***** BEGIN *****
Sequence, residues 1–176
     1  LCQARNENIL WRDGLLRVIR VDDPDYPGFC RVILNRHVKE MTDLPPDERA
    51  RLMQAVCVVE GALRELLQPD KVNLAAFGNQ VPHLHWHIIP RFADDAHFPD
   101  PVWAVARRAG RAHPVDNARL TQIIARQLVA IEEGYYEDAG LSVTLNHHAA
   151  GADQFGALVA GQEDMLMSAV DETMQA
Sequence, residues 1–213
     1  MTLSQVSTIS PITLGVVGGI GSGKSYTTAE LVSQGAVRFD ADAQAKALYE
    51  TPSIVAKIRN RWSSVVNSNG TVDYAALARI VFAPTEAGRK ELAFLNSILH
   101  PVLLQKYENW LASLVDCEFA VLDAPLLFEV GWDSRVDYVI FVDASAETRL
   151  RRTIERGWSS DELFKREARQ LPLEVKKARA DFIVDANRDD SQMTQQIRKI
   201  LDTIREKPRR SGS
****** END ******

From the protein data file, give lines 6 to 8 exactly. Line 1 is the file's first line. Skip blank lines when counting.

Sequence, residues 1–213
     1  MTLSQVSTIS PITLGVVGGI GSGKSYTTAE LVSQGAVRFD ADAQAKALYE
    51  TPSIVAKIRN RWSSVVNSNG TVDYAALARI VFAPTEAGRK ELAFLNSILH